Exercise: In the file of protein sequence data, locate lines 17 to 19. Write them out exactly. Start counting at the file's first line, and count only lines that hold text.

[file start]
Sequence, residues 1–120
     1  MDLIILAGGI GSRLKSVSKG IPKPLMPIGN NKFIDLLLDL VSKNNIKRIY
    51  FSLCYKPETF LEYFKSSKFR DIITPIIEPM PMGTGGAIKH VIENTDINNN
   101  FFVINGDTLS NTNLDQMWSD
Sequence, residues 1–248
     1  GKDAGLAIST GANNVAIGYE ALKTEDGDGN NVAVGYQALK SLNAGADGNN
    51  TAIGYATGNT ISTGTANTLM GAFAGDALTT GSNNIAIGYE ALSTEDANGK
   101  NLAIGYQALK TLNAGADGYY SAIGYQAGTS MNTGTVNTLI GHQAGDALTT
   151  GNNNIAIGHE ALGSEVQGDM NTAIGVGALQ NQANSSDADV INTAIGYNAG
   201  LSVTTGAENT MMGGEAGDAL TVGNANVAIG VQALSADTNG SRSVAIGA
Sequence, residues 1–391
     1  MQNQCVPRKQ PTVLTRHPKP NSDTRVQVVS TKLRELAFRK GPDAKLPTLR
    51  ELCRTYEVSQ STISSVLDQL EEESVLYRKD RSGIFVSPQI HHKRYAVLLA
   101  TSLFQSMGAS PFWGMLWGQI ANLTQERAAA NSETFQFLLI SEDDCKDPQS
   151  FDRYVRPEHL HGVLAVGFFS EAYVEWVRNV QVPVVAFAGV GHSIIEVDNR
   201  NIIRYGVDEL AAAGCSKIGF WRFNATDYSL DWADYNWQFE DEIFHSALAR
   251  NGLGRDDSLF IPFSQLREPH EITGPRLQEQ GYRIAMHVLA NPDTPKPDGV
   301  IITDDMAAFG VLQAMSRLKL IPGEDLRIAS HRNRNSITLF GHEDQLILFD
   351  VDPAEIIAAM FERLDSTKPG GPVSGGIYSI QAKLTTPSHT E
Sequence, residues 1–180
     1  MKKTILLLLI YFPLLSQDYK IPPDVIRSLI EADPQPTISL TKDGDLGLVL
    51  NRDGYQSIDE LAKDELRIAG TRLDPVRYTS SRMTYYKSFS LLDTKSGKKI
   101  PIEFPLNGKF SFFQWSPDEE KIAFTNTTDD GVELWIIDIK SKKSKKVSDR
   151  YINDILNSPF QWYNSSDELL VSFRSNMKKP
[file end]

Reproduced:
   251  NGLGRDDSLF IPFSQLREPH EITGPRLQEQ GYRIAMHVLA NPDTPKPDGV
   301  IITDDMAAFG VLQAMSRLKL IPGEDLRIAS HRNRNSITLF GHEDQLILFD
   351  VDPAEIIAAM FERLDSTKPG GPVSGGIYSI QAKLTTPSHT E